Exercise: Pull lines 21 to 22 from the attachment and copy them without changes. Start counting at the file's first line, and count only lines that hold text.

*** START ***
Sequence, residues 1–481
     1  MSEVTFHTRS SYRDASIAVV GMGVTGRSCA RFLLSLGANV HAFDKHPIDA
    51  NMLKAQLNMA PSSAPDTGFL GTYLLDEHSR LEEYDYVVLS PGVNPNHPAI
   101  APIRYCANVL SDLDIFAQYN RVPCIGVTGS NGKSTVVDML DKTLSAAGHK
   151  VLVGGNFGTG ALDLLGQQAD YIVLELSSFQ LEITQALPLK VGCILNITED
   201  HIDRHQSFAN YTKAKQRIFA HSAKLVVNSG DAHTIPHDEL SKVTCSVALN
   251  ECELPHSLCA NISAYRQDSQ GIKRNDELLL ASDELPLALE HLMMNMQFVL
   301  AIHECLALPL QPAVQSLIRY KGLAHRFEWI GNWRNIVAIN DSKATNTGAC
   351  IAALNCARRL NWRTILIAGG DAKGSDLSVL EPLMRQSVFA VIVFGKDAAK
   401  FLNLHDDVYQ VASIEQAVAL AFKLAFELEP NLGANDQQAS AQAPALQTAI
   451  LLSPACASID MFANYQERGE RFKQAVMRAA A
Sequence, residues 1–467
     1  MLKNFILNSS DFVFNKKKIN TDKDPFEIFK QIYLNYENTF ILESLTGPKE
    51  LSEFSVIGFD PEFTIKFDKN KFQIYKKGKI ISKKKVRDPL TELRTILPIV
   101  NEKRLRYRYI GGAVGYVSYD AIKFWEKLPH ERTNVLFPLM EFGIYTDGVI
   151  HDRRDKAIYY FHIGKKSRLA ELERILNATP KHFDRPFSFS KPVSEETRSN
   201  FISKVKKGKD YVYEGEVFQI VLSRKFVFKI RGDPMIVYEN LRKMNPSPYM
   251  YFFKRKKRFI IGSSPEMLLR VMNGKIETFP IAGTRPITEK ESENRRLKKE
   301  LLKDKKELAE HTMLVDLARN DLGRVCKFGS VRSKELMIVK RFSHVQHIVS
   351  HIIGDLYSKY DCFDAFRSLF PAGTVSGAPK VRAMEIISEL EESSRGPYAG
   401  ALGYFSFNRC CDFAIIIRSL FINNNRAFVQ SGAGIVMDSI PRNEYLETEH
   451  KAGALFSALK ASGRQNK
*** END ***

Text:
   401  ALGYFSFNRC CDFAIIIRSL FINNNRAFVQ SGAGIVMDSI PRNEYLETEH
   451  KAGALFSALK ASGRQNK